In 1999, Ontario enacted a regulation which generally prohibits transfers out of Ontario's part of the Great Lakes and the St. Lawrence basin, and since then Quebec has also generally prohibited transferring water outside of Quebec that has been taken in Quebec.
Now what about the US side of the Lakes?
Section 504 of the US Water Resources Development Act of 2000, said (in part) that "it's the purpose and policy of the Congress to prohibit any new diversion of Great Lakes water unless such diversion is approved by the Governor of each of the Great Lakes states.
On June 18, 2001, the Great Lakes states and Ontario and Quebec concluded an annex to their 1985 Great Lakes Charter. This Annex 2001 is a "good faith" arrangement between the Great Lakes states and Ontario and Quebec that establishes principles for the management of Great Lakes water resources, (in effect the US waters). Annex 2001 commits the Great Lakes states and Ontario and Quebec:
… to develop and implement a new common, resource-based conservation standard and apply it to new water withdrawal proposals from the waters of the Great Lakes Basin. The standard will (also) address proposed increases to existing water withdrawals and existing water withdrawal capacity from the waters of the Great Lakes Basin.
In July of last year, the Council of Great Lakes Governors together with the then governments of Ontario and Quebec, released draft proposals for implementing Annex 2001 for a 90-day public comment period. These proposals were for a legally binding compact that would only be between the 8 Great Lakes states and the US federal government, as well as a "good faith" agreement between the 8 Great Lakes states and Ontario and Quebec. (States and provinces cannot enter into binding international agreements.)
On January 7, 2005, the Canadian government made a submission to the Council of Great Lakes Governors in which it said that the proposed agreements to implement Annex 2001 "do not afford a sufficient level of protection to the waters of the Basin and need to be strengthened in a number of respects." However, it did say there were some useful ideas in them, for example, on research and monitoring.
Also in it, the Canadian government encouraged the Council of Great Lakes Governors "to afford the same level of protection and certainty as is afforded by the Canadian government, provincial and territorial governments, which together have banned removals of waters from the basin."
As well, the Canadian government in its submission "recognized the ongoing role of the IJC and the comprehensive advice to governments contained in the Commission's February 2000 report entitled: Protection of the Waters of the Great Lakes and its August 2004 review of that report."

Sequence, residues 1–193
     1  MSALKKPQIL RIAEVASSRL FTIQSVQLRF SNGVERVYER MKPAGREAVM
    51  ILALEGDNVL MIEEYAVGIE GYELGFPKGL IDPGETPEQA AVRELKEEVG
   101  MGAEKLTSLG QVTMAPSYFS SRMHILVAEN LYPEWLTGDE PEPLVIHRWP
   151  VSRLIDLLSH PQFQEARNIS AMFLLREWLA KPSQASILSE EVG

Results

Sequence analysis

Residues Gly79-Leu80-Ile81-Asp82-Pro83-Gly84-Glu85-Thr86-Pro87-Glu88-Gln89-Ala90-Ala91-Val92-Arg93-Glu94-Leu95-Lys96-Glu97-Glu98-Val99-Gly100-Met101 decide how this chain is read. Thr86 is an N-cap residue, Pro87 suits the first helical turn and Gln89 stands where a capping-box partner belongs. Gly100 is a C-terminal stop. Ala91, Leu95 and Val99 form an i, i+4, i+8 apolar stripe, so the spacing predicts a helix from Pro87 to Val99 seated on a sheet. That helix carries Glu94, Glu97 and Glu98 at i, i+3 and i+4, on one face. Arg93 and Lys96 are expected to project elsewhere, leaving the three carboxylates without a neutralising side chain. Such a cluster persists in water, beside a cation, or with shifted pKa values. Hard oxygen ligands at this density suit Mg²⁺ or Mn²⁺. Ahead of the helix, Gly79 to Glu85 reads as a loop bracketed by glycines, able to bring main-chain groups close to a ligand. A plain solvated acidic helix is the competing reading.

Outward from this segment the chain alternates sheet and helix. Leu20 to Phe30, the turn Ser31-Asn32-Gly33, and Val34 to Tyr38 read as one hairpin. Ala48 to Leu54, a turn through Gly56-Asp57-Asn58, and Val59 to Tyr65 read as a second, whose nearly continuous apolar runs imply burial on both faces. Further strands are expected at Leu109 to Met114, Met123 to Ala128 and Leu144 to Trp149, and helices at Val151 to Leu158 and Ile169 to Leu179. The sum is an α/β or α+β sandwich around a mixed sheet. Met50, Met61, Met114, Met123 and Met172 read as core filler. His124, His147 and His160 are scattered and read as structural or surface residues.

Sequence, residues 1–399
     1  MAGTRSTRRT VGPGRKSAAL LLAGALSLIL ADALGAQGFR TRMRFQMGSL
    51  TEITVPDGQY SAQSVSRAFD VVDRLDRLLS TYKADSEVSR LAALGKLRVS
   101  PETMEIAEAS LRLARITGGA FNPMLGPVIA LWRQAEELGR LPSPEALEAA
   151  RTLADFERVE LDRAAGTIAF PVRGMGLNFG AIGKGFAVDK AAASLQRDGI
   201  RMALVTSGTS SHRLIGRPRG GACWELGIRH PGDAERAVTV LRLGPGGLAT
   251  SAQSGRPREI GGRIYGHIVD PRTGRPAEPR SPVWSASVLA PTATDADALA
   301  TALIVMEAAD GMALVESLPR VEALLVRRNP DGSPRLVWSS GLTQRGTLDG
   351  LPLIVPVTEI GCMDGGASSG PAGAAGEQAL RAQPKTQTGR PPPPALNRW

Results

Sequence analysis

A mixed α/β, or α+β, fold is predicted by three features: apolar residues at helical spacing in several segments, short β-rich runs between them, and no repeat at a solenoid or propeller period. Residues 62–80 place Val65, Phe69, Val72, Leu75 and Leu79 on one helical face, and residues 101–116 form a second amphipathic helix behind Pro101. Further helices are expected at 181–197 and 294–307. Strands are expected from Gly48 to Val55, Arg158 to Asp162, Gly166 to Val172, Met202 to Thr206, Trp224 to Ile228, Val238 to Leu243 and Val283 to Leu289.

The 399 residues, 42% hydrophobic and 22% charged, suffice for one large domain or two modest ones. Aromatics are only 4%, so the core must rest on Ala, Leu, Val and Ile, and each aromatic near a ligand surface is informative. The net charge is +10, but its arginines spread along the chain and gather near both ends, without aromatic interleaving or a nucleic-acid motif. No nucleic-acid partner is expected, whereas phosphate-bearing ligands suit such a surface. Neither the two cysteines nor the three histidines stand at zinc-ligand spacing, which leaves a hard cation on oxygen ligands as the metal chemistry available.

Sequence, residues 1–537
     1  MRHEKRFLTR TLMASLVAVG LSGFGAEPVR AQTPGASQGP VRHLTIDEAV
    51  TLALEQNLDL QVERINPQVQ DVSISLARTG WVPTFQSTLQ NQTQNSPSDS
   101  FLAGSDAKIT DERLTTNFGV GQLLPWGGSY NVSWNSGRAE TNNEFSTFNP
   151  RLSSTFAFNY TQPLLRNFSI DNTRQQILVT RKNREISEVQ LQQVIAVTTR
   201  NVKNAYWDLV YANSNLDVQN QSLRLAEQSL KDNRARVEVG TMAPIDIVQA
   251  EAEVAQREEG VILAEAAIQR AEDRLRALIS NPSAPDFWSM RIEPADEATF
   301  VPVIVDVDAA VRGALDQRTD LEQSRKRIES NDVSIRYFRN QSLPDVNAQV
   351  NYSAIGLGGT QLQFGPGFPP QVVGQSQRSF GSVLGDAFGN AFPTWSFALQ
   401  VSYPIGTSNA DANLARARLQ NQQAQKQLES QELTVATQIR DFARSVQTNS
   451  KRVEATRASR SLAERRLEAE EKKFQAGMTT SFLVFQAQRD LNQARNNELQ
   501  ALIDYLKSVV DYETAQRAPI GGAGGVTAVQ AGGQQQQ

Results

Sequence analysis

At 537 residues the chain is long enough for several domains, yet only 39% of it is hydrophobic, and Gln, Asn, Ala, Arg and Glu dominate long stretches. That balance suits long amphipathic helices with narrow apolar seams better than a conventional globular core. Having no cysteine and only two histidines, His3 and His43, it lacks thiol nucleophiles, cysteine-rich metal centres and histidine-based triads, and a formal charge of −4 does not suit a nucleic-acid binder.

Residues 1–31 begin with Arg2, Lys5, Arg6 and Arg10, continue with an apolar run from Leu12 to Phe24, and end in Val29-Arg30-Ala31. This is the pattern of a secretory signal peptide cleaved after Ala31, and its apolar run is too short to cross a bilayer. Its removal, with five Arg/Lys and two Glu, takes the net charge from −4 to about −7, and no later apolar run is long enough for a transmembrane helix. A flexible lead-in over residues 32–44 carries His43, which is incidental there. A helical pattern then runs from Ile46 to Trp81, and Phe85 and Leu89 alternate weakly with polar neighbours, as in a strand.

The US federal government had earlier made a submission to the Council stating that the final version of the proposals to implement the Annex had to clearly recognize and take into account the primary role of the IJC and Boundary Waters Treaty.
The Commission had been asked by the two federal governments to review and update in 2004 the recommendations it made in its 2000 report in light of developments that have taken place since it was issued. We did so in a report published last August 30th. It is we confirmed our 2000 recommendations.
As well, the Commission recommended in this 2004 report "that the outcome of the Annex 2001 process should include a standard and management regime consistent with the recommendations in its 2000 report."
[ It said, however, that "Until the process of developing proposals to implement Annex 2001 is complete it's not possible to say whether and to what extent the published draft proposals to implement the Annex will give effect to and be consistent with recommendations in the Commission's 2000 report." ]
The present natural resources minister of Ontario, David Ramsay announced on November 15, 2004 that the McGuinty government would not sign the current drafts of the Great Lakes charter annex agreements unless changes to enhance the level of protection for the waters of the Great Lakes Basin are made.
And last October, Michigan Attorney General Mike Cox announced "his dissatisfaction over the Annex 2001 draft implementing agreements and declared they do not live up to the principles of Annex 2001."
The Great Lakes Governors have a working group that is considering all the comments from the Canadian and US governments and other organizations about this.
They have decided to publish a new draft and release it for public comment later this year. The IJC will not make further comments until there is a new final draft.
By the way, the Commission also stated in its 2000 and 2004 reports (contrary to the views of some) that "nothing prevents Canada and the United States from taking measures to protect their water resources and preserve the integrity of the Great Lakes Basin ecosystem. Such measures, it said, are not prohibited so long as there is no discrimination by decision makers against persons from other countries in their application, and so long as water management policies are clearly articulated and consistently implemented so that undue expectations are not created. Canada and the United States cannot be compelled by trade laws to endanger the waters of the Great Lakes ecosystem".
These are also the views of the US and Canadian federal governments as set out in the two IJC reports.